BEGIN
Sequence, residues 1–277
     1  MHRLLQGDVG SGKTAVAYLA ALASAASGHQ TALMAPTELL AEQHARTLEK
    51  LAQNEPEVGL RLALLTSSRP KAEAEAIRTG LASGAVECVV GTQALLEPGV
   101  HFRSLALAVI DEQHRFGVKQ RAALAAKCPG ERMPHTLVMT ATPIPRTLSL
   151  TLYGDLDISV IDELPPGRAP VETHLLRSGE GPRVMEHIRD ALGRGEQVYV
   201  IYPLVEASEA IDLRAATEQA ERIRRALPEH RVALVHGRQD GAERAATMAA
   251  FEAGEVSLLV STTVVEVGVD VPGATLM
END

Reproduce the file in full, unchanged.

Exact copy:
Sequence, residues 1–277
     1  MHRLLQGDVG SGKTAVAYLA ALASAASGHQ TALMAPTELL AEQHARTLEK
    51  LAQNEPEVGL RLALLTSSRP KAEAEAIRTG LASGAVECVV GTQALLEPGV
   101  HFRSLALAVI DEQHRFGVKQ RAALAAKCPG ERMPHTLVMT ATPIPRTLSL
   151  TLYGDLDISV IDELPPGRAP VETHLLRSGE GPRVMEHIRD ALGRGEQVYV
   201  IYPLVEASEA IDLRAATEQA ERIRRALPEH RVALVHGRQD GAERAATMAA
   251  FEAGEVSLLV STTVVEVGVD VPGATLM